It reassuringly demonstrates in a single entity that principles of decentralization and an innovative approach to trust and incentives are world-beating attributes. It shows that culture, education and a palpable sense of ownership are the keys to weather helter-skelter markets.
It was recently calculated that Berkshire could lose 99% of its value and it would still have outperformed the S&P 500 going back to 1965. To reap those gains though you had to hold through nine recessions. Buffett says to reframe your ownership of stocks, to view them as a percentage ownership of actual businesses, not numbers on a screen bouncing around.
Imagine you owned a passive share of a successful local business that grew and expanded over the years: How much easier would that be to hold for decades as it grew your family’s wealth compared to how most people approach buying and selling stocks? In a downturn, you’re offered the chance to increase your percentage ownership by continuing to buy its discounted shares, knowing that recessions are a normal part of the business cycle.
If you view bitcoin in the same light, daily headlines about interest rates rising or growing correlation with the Nasdaq or crashing technical indicators reveal themselves for what they are: non-events or value opportunities to increase your stake.
To have the confidence and grit to hold for the long term, you must understand what you own. Buffett’s letters to shareholders are his way to instill this, with a great deal of Berkshire-specific commentary but also general investment lessons from one of the most rational and clear-sighted investors in history. It would be nice if owning bitcoin also came with an owner’s manual, and Nakamoto delivered an annual missive urging you to stay the course. Instead, seeking out quality Bitcoin content from books, articles and podcasts that focus on fundamentals rather than price is essential to fortify yourself against inevitable turbulence.
Buffett and Munger have both said they knew with conviction they’d become very wealthy, but neither was in a hurry to do so. “Hurry” in this context means using leverage to supercharge returns and both investors regularly warn against it. Some have stated this is hypocritical because Berkshire does invest the float from its insurance businesses into stock and business purchases, therefore leveraging the business. To which one might say, if you look in the mirror and Warren Buffett or Bill Miller or Michael Saylor looks back at you, go ahead and use leverage in your bitcoin purchases; if not, then probably don’t.
The issue, as Buffett laid out in his 2010 letter to shareholders isn’t really that leverage is bad on its face, it’s that even when it goes in your favor it’s working secretly to undermine you:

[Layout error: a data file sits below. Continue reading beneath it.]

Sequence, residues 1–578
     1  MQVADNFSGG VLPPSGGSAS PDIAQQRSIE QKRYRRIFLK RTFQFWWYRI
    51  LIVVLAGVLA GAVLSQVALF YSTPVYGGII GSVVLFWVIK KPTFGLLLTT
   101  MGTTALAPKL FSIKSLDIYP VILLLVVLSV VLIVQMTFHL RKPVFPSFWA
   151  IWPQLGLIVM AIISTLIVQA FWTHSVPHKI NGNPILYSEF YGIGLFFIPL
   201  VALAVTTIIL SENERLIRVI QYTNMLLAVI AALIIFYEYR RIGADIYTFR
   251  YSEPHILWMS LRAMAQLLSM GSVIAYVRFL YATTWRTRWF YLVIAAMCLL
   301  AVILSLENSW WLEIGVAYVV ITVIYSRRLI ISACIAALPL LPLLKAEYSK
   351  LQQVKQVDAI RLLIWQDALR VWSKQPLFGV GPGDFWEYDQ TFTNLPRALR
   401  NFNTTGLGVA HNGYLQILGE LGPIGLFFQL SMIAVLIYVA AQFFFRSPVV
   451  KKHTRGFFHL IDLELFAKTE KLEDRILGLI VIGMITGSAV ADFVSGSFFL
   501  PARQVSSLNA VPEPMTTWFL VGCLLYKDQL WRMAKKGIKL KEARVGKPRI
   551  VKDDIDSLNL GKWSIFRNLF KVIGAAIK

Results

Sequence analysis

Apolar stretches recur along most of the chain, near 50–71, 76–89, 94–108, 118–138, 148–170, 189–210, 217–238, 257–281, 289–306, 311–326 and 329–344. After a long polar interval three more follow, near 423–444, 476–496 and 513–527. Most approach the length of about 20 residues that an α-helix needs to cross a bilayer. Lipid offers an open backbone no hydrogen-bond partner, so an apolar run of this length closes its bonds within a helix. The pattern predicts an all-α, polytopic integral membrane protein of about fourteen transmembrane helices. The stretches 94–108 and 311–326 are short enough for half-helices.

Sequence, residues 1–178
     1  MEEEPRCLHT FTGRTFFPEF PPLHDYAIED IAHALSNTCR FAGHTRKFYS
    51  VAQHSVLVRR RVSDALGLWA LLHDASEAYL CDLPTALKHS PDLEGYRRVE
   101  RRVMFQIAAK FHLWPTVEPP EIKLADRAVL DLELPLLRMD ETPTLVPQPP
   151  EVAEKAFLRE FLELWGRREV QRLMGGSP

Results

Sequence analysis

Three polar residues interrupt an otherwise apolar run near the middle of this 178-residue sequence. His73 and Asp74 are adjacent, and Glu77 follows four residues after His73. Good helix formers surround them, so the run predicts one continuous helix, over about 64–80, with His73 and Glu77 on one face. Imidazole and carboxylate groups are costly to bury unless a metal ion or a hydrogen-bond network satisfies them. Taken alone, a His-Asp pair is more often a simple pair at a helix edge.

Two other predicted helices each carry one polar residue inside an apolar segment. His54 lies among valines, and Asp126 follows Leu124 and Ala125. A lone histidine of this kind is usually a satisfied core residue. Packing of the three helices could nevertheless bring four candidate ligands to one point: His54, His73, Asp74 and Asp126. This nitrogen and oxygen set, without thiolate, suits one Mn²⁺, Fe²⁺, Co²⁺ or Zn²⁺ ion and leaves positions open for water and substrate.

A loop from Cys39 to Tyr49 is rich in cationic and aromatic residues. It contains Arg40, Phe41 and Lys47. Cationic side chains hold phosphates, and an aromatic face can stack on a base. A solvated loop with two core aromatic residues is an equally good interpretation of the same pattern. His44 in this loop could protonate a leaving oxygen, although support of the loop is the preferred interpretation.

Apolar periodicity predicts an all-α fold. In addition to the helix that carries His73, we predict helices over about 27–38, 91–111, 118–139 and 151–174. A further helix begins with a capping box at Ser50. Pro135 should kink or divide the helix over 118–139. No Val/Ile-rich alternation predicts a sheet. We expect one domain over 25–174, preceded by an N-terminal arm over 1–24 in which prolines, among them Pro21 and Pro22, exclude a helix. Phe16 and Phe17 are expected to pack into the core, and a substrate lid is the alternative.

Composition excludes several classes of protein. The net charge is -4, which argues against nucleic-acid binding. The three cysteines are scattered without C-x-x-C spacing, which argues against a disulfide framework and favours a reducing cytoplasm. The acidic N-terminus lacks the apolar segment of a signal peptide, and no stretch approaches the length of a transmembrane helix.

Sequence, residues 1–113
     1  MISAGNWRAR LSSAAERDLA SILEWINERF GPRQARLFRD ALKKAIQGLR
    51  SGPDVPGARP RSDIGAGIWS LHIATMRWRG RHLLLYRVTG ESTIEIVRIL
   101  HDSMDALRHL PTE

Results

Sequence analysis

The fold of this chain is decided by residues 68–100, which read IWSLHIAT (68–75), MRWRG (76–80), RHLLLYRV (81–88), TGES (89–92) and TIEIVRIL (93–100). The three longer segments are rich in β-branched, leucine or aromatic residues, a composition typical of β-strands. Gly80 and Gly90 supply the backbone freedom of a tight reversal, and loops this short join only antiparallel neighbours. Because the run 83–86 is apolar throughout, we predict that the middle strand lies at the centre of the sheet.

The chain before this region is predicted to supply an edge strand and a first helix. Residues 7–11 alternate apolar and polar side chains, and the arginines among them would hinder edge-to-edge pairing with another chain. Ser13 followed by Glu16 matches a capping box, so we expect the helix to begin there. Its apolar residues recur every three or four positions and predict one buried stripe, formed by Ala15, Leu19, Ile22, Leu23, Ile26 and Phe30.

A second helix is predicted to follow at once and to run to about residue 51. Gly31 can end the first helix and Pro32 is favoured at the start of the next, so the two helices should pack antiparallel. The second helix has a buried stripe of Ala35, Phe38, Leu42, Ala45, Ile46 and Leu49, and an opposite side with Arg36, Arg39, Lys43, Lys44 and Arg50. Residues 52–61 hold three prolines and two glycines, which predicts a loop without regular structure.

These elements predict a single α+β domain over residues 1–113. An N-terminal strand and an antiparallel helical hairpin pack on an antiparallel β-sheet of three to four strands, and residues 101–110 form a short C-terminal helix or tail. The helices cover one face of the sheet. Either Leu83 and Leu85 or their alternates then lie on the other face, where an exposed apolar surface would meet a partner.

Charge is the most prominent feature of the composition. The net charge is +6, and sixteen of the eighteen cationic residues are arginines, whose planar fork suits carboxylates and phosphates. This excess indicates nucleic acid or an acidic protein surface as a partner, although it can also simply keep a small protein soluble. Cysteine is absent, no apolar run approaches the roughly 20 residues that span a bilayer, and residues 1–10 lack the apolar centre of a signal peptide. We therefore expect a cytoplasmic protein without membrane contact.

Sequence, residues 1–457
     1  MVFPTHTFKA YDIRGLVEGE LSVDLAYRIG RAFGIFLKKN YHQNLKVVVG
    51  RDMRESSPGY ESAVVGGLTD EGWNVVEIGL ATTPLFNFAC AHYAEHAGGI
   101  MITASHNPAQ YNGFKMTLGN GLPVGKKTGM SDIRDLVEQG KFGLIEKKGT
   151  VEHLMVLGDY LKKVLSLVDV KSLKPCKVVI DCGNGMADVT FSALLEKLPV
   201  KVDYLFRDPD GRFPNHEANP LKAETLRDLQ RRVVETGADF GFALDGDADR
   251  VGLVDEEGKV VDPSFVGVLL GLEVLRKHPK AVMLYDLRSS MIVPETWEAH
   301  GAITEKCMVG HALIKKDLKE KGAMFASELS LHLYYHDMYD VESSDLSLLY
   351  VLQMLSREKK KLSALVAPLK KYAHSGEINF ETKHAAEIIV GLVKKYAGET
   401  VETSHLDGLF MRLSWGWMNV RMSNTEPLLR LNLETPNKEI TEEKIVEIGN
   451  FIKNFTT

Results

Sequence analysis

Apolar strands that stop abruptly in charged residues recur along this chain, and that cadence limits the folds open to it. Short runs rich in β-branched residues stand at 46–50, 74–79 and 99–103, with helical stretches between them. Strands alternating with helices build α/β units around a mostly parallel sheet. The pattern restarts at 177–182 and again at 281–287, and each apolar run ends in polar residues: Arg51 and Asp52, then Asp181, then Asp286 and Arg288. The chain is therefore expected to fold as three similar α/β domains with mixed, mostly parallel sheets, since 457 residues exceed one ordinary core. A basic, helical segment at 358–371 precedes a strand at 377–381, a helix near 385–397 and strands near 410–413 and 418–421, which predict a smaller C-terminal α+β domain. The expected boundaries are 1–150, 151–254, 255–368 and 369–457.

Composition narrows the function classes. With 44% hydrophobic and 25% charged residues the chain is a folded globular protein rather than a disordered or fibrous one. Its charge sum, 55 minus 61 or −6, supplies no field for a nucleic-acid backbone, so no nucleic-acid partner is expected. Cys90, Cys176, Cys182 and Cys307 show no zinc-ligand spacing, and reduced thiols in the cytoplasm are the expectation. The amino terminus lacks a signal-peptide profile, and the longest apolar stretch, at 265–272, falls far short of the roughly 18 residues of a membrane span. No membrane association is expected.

“But leverage is addictive. Once having profited from its wonders, very few people retreat to more conservative practices. And as we all learned in third grade — and some relearned in 2008 — any series of positive numbers, however impressive those numbers may be, evaporates when multiplied by a single zero.”
In Berkshire’s early days, Buffett and Munger often invested alongside a talented capital allocator named Rick Guerin. His downfall was that he was in a “hurry” and sought to propel his investment returns with leverage that went awry in the sharp market downtown of the early 1970s. Margin calls came, and to raise capital, he was compelled to sell his Berkshire holdings to Buffett … for around $40 a share.
With Berkshire, bitcoin and investing in general, the smartest investors agree: The key to investing success is really just picking the right investment vehicle and then holding uninterruptedly to allow returns to compound for the longest possible period. Morgan Housel in “The Psychology Of Money” points out — among many incisive essays that Bitcoiners would benefit from reading — that the vast majority of Buffett’s wealth was accumulated after he qualified for Social Security:
“Warren Buffett is a phenomenal investor. But you miss a key point if you attach all of his success to investing acumen. The real key to his success is that he’s been a phenomenal investor for three quarters of a century. Had he started investing in his 30s and retired in his 60s, few people would have ever heard of him … Effectively all of Warren Buffett’s success can be tied to the financial base he built in his pubescent years and the longevity he maintained in his geriatric years.”
So what can we do to HODL with just a little more iron in our grip?
Professionalize your holding: Take the steps to self-custody or use every possible security measure if you’re leaving it on an exchange. Know what you own and educate yourself constantly so sensational headlines don’t shake you out of a long-term mindset. Don’t fixate on price, think about adoption curves or other proxies for intrinsic value, really get to intellectual grips with the nature of exponential growth and compounding. Proceed very gingerly with lending or leveraging your holding: Are you risking what may be irreplaceable (your core holding) for something that’s unlikely to make much difference to your future self (incremental return)?
Do you have cash on the side to invest if the price crashes? According to Buffett, he was well into his investment career before he came to the clear realization that if you’re a consistent buyer of stocks (or bitcoin), long periods of falling prices are, in fact, exactly what you should be hoping for. A zooming share price is only good news if you plan to sell. This is rationally obvious but emotionally confounding, and almost impossible if you get sucked into the vortex of doom-laden headlines that accompany every downturn.
Berkshire A shares last traded at $20,000 in 1994. This year they broke through $500,000 per share for the first time. Invert Berkshire and its remarkable parallels to bitcoin show us the path to a similar valuation, and how to survive the journey.
This is a guest post by Craig Buddo. Opinions expressed are entirely their own and do not necessarily reflect those of BTC Inc. or Bitcoin Magazine.